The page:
Cyprus’s audit office said on Thursday (24 September) thousands of passports could have been granted without proper authorisation under the island’s citizenship-for-investment scheme – a programme critics fear could be used by money-launderers and other criminals.
For a minimum €2-million investment, Cyprus gives passports that guarantee visa-free travel through the European Union, which it joined in 2004.
Panned by critics as opaque and fraught with the risk of money- laundering, the scheme is popular with Russians, Ukrainians and, more recently, Chinese and Cambodians.
Cyprus’s audit office, an independent body, said its own investigation suggested the cabinet overstepped its authority in approving citizenship not only to individual applicants but to family too.
“The authority given to the Council of Ministers applies to foreign businesspeople and investors, and not family members,” it said in a report.
The issue, it said, could potentially concern thousands of cases. It should be addressed by a commission tasked to review and strip citizenship where necessary, it said.
The Interior Ministry, which handles applications, responded by saying the watchdog had addressed the issue “in isolation” focusing only on a specific period of time. It also accused the regulator of overstepping its authority with the probe.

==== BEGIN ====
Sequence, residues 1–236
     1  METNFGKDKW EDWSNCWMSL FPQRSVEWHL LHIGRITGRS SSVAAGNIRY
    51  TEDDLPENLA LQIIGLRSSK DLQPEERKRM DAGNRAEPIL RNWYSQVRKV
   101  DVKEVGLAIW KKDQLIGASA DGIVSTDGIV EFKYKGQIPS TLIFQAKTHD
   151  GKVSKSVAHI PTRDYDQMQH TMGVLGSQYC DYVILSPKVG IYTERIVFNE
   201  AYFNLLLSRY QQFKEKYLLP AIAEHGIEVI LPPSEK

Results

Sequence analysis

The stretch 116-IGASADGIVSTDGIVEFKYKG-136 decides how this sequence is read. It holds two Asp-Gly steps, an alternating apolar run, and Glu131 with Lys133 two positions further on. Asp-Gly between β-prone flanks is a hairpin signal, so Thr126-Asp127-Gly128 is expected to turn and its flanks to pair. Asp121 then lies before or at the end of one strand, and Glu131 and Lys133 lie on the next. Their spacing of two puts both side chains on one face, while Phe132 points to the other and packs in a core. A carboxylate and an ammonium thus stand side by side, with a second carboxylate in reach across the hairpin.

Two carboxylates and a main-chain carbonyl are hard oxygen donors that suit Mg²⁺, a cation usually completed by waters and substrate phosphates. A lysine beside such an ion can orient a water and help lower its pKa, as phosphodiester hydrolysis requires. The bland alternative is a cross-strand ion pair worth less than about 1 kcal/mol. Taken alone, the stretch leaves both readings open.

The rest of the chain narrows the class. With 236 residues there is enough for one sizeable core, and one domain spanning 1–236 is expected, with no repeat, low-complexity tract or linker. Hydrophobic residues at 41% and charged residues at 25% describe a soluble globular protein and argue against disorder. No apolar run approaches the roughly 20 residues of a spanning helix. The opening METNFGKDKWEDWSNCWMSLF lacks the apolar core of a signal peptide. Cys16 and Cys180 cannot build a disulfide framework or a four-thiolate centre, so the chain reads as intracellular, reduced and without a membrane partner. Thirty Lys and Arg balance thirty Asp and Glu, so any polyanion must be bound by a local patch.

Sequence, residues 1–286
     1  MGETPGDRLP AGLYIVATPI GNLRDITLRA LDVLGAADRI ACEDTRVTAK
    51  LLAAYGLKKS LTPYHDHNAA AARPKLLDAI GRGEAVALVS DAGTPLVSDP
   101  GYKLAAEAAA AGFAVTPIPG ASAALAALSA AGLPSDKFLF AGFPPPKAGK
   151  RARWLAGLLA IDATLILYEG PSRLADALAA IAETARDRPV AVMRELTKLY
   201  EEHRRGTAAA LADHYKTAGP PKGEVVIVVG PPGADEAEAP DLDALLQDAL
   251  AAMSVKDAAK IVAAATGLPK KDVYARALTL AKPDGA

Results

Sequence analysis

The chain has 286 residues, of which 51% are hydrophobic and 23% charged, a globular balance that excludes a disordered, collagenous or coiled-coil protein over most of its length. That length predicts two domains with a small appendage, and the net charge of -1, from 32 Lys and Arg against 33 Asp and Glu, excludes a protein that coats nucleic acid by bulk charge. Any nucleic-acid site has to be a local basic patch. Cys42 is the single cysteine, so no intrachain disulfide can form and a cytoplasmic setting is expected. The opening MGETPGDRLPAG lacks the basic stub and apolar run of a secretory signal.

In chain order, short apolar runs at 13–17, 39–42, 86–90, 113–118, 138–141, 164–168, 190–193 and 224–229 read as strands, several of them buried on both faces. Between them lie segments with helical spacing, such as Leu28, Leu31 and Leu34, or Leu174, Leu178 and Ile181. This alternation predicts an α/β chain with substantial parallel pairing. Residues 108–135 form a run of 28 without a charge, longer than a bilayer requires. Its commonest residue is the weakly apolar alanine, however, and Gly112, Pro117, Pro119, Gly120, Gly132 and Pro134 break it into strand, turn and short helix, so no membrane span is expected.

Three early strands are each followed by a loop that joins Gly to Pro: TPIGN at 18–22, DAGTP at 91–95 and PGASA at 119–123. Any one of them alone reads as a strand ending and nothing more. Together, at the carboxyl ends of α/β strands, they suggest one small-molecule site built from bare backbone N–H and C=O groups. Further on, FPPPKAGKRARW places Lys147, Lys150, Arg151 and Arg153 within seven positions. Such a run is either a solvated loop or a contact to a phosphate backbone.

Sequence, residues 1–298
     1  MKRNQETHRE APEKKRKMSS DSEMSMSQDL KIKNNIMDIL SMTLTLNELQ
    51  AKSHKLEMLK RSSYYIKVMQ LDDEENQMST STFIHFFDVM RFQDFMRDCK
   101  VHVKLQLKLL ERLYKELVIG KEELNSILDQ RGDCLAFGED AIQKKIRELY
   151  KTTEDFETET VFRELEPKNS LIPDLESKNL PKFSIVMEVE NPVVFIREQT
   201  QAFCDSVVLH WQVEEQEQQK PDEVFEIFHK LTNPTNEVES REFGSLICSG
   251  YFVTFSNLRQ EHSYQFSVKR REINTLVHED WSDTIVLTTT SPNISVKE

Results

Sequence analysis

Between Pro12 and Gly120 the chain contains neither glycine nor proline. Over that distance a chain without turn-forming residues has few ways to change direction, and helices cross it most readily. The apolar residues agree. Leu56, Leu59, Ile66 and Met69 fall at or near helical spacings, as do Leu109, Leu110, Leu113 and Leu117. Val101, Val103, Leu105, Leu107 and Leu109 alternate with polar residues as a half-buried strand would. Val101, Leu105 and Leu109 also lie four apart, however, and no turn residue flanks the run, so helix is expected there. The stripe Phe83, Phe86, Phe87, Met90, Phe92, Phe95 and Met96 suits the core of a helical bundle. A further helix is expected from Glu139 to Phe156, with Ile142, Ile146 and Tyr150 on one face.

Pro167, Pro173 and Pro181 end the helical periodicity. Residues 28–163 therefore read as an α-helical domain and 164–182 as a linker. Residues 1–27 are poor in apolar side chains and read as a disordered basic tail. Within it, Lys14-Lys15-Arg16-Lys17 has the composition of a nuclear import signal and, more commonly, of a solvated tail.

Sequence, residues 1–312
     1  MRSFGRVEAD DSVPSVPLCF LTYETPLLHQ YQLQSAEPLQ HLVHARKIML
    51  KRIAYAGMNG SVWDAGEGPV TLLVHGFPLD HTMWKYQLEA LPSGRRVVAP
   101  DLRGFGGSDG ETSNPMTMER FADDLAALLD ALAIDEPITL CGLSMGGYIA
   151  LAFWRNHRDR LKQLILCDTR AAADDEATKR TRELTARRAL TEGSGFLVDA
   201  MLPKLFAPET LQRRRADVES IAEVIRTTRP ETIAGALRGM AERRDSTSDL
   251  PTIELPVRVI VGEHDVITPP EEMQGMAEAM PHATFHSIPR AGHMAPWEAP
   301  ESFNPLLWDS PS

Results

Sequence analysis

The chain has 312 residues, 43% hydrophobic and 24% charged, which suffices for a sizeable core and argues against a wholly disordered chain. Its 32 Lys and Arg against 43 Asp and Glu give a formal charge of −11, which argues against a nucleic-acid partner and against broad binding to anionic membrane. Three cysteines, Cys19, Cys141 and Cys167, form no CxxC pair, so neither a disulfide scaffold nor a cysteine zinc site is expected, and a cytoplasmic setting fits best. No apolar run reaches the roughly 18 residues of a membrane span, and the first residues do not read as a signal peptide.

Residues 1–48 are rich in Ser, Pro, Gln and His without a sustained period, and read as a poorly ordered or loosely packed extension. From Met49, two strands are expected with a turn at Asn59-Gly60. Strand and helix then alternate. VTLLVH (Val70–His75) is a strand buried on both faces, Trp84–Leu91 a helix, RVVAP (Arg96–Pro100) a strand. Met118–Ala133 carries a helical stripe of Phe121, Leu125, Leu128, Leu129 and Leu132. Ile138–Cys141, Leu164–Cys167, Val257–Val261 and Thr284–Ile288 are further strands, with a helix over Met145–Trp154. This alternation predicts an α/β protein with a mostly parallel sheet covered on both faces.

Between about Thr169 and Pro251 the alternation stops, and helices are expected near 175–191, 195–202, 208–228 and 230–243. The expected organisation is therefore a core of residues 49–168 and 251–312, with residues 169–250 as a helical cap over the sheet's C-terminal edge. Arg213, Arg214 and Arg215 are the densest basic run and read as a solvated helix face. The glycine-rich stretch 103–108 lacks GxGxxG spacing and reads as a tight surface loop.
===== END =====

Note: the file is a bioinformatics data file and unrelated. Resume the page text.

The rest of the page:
It said it would await the outcome of a separate inquiry commissioned by the island’s attorney-general and then take any action deemed necessary.
The citizenship-for-investment scheme has come under scrutiny both in Cyprus and in the European Union. Nicosia, which acknowledges past flaws and says they have since been rectified, defends it.
Media reported in October 2019 that Cambodian nationals in the inner circle of long-time leader Hun Sen, plus family members, had acquired passports, leading authorities to a review of the programme.
Another report by Al Jazeera in August this year reported that at least 60 individuals who acquired citizenship between 2017 and 2019 were high risk, and would probably not have qualified with new tighter rules since introduced.
Cyprus’s Auditor-General, Odysseas Michaelides, has often clashed with the government over jurisdiction and competency issues. The latest intervention was in the wake of the Al Jazeera report.